That is not some random woman being sacrificed… that’s Joan of Arc. You know why she’s shown? Because THIS IS A TRUE STORY! The real Baron Gilles de Rais was there and fought alongside Joan of Arc. This movie doesn’t tell you it’s based upon or even “inspired” by a true story but it is.
The real Gilles de Rais was indeed a hero during the Hundred Years’ War who did dabble about a bit in the occult afterwards. He did have a thing for virgins too – but not for sacrificing them. From 1432-1437 Gilles de Rais abducted, raped and then brutally murdered children. And not just a handful of them either – over 200 of them (some reports put that number even higher at 700). That’s A LOT of dead kids – so of course people are going to connect the dots. A crime like that doesn’t seem human at all, so it MUST come from the devil. People did rebel and Gilles de Rais was executed for his crimes in 1440. He is the inspiration for the story of Bluebeard. The Devil’s Possessed doesn’t tell you that it’s inspired by a true story – perhaps because it’s rather light on the true nature of his character. While the real guy killed children, the one in this movie kills a handful of very adult looking “virgins.”
Despite how horrid its subject matter is, The Devil’s Possessed was a rather fun movie. I didn’t know until after the fact that this was the story of a very real and very twisted man. Most of the fun in the movie, however, comes from Guillermo Bredeston’s performance as Gaston. He’s jovial, handsome and has some really well-choreographed fight scenes. Paul Naschy does a great performance as the evil Baron – showing why he has earned a cult reputation as a horror actor. The only real complaint I have about the movie is that the costumes and the sets are so damn fake. These castles in the film are obviously old ruins around Europe that long since crumbled to uselessness before the movie was shot. Interior scenes are obvious sound stages with the barest effort to make it look like an actual castle. The costumes all look like they came from a box of generic, used “Renaissance costumes” even though this movie is not supposed to take place during the Renaissance. This is shortly after the Hundred Years’ War – during the so-called “Dark Ages,” but we have people walking around in Renaissance dress – wait – Renaissance dress that’s obviously made out of polyester. The movie has such a low budget look to it I’m honestly surprised to see people riding around on real horses.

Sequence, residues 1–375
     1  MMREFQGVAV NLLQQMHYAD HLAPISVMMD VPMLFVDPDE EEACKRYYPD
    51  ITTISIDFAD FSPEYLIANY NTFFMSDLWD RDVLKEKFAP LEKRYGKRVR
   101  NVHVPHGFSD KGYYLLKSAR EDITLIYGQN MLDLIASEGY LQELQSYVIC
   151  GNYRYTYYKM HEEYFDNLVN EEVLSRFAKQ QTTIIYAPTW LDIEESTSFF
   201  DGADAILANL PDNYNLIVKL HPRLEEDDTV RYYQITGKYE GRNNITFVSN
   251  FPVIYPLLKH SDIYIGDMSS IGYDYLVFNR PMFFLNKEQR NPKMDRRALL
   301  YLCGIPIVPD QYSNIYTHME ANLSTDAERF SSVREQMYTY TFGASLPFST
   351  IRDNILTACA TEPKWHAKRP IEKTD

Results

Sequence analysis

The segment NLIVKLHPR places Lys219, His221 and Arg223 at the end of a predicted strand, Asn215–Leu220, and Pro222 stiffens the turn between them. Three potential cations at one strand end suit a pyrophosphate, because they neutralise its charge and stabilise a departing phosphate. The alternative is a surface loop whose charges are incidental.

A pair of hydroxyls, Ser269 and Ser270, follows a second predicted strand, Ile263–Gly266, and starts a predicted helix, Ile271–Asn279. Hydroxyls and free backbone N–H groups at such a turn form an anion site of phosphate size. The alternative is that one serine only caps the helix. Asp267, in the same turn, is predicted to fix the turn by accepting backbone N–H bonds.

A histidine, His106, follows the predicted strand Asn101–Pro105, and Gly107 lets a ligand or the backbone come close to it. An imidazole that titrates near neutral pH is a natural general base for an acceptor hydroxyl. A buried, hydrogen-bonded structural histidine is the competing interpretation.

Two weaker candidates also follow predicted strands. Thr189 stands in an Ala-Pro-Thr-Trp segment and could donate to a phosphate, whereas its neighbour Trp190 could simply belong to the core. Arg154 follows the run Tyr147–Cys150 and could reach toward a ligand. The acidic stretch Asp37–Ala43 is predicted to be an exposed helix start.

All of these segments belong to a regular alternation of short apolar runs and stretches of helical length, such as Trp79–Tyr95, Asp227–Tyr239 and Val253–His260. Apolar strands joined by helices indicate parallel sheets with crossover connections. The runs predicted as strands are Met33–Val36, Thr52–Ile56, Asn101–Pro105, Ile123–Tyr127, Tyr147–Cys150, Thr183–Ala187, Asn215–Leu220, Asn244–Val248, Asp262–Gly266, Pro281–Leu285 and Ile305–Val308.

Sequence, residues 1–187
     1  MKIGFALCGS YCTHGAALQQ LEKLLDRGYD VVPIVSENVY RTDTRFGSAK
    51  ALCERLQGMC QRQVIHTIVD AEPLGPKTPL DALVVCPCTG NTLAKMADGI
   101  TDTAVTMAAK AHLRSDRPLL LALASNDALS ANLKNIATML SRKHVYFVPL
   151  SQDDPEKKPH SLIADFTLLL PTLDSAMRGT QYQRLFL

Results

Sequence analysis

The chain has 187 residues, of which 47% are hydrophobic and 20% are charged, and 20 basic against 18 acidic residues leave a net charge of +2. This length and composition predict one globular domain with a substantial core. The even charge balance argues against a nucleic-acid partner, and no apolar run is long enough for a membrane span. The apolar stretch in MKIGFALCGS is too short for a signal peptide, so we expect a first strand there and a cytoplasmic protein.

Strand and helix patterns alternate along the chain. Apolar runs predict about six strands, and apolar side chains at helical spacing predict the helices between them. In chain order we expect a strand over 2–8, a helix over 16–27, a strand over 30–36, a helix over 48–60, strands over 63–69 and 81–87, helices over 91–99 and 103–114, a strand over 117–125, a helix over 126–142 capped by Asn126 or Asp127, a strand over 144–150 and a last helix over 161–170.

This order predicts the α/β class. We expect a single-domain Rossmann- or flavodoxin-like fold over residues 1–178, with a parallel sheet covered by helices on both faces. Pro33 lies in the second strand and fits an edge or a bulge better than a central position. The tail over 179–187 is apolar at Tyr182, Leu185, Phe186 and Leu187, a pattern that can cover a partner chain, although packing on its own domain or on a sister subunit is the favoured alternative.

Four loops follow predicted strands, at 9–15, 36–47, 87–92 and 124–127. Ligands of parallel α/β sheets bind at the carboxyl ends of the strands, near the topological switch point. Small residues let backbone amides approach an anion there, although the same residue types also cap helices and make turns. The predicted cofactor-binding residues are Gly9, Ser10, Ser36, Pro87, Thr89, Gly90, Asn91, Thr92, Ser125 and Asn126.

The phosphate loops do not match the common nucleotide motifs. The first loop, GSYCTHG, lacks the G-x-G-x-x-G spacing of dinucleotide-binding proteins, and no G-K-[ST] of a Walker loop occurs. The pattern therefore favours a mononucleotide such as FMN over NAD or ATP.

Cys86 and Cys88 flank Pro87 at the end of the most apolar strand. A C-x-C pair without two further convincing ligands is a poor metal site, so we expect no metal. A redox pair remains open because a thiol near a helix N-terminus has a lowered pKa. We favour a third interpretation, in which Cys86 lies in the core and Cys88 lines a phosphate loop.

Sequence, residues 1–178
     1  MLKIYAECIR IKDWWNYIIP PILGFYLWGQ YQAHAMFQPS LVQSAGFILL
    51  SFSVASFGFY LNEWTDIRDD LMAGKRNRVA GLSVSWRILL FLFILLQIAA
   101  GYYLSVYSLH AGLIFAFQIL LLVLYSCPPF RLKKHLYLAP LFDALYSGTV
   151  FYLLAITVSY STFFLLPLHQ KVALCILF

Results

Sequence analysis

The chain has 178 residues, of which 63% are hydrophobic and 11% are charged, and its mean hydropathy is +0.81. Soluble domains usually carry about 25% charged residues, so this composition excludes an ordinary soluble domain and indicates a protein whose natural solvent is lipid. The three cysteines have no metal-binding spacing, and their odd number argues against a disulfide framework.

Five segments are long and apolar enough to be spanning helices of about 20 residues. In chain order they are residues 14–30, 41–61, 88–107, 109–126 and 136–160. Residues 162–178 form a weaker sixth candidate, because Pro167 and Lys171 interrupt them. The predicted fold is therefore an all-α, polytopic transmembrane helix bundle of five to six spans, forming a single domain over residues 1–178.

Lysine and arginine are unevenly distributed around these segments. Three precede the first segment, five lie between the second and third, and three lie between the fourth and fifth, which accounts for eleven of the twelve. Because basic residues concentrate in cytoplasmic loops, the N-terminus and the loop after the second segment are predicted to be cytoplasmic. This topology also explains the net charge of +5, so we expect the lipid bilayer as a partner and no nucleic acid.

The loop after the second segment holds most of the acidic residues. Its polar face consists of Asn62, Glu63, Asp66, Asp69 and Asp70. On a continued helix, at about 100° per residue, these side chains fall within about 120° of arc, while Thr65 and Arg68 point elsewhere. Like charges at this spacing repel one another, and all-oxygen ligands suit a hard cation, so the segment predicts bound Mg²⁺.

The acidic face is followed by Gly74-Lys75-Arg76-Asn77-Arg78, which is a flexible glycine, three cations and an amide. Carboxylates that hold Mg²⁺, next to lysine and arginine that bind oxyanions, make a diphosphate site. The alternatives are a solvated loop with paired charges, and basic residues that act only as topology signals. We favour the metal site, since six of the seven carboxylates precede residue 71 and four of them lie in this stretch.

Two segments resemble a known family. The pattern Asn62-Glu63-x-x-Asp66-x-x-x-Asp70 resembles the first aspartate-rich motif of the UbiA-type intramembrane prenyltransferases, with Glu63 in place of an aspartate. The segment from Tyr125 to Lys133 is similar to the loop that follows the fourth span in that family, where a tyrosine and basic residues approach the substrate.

Still, I enjoyed the movie. It’s an interesting period piece and a rather tame, but accurate, look at history. It’s so unacknowledged as a biopic that I actually had to “geek up” and edit the wikipedia entry for Gilles de Rais to include this film under “cultural references.” So if you’re in the mood for a very different kind of historical drama or a different kind of horror film, check this one out sometime. It’s Public Domain, by the way.